With The Australian steadily morphing onto a right-wing version of The Onion, offering ever more strident attacks on its growing array of enemies, accuracy about its opponents is in increasingly short supply, especially when it comes to the RSPT.

Even so, today’s effort from Matthew Stevens is particularly impressive. Stevens, married to BHP-Billiton corporate spinner Sam Evans, breathlessly told The Oz’s business readership under a headline “Steelmaker says it was excluded from tax talks”:

The Rudd government twice rejected requests from steelmaker and iron ore miner OneSteel to join the super-profits tax consultation process to complain about the threat the proposed regime poses to the future of its South Australian steelworks.

Stevens scolded the government for its unwillingness to consult with OneSteel, which was “rebuffed by the bureaucracy. At that point OneSteel chief executive Geoff Plummer was forced to turn to an external lobbyist to represent his company’s interests to the Treasurer’s office.” Stevens then offered an egregious and lengthy history of OneSteel (year 12 commerce students can cut out and keep it).

So … did OneSteel actually meet with the tax consultation panel or not? “In the end,” says Stevens, “it seems it may have taken direct, and understandably animated, intervention by South Australian Premier Mike Rann to get OneSteel into the Rudd government’s dubious consultation process.”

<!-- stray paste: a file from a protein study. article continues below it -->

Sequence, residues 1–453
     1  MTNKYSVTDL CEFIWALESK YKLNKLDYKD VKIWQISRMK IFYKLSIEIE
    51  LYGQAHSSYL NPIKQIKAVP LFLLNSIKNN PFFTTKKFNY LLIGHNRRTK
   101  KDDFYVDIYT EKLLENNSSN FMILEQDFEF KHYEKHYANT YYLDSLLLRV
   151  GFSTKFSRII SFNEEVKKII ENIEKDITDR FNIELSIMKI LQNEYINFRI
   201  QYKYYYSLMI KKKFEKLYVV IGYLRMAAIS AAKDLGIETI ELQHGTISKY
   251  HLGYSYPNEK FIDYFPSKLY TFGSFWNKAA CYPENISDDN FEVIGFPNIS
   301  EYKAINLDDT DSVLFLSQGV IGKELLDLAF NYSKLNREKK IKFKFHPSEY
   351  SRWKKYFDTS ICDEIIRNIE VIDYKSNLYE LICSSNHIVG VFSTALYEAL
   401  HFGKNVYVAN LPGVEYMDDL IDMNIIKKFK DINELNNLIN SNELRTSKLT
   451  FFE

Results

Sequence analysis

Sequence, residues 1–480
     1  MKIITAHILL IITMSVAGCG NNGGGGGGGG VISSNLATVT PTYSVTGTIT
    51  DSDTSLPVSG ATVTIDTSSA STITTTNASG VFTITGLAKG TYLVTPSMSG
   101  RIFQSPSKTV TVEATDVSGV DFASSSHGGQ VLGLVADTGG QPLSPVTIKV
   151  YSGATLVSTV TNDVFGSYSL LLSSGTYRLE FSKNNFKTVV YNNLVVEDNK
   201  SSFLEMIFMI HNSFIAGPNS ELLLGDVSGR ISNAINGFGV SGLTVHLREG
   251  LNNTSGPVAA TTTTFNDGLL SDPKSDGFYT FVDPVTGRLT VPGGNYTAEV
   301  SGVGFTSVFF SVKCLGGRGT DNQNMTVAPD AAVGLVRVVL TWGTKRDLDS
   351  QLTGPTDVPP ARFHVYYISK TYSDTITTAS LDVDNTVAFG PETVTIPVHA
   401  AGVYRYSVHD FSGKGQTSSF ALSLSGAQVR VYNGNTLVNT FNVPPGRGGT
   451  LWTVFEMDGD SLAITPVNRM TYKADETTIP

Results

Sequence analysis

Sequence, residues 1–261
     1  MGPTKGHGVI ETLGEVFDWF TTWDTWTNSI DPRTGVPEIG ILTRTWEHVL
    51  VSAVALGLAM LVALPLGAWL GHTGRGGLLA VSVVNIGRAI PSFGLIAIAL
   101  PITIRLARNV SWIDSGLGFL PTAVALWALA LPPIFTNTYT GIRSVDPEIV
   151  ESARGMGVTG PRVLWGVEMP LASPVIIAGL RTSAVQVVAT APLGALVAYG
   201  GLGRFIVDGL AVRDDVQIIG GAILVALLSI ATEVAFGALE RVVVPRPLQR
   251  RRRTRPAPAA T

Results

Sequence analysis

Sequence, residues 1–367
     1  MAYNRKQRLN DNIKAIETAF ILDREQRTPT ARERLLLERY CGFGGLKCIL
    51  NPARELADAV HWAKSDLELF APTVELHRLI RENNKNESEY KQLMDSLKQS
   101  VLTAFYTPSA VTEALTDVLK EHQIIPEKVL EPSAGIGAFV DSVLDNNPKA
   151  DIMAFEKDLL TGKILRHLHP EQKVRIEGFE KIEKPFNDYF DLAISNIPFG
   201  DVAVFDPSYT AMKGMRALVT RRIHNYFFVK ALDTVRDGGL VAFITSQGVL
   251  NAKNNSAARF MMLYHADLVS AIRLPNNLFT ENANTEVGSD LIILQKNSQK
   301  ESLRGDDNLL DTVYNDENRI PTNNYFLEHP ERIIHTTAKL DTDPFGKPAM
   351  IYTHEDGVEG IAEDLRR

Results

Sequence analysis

So, erm, the steelmaker wasn’t excluded from the talks at all?

In fact, OneSteel was never knocked back. The process is that companies meet with the the consultation panel secretariat first before meeting directly with the panel. But on  May 18, before OneSteel had met with the secretariat, the panel asked to meet OneSteel, and met with Plummer and three of his senior executives, in Sydney. OneSteel was 10th cab off the rank in the consultation process, and if anything might have got privileged access. The panel met with Plummer again last Monday in Canberra. OneSteel executives also met with the secretariat on May 26. Treasury officials also met with a OneSteel representative in Adelaide last Thursday as part of talks with the South Australian Chamber of Mines and Energy.

That’s three meetings, plus another one at a broader consultation. As an integrated manufacturer, OneSteel has particular concerns about the taxation point of the RSPT and its impact on its downstream activities. That’s exactly why the panel was particularly keen to hear from them.

Some exclusion.

Peter Fray

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Peter Fray
Editor-in-chief of Crikey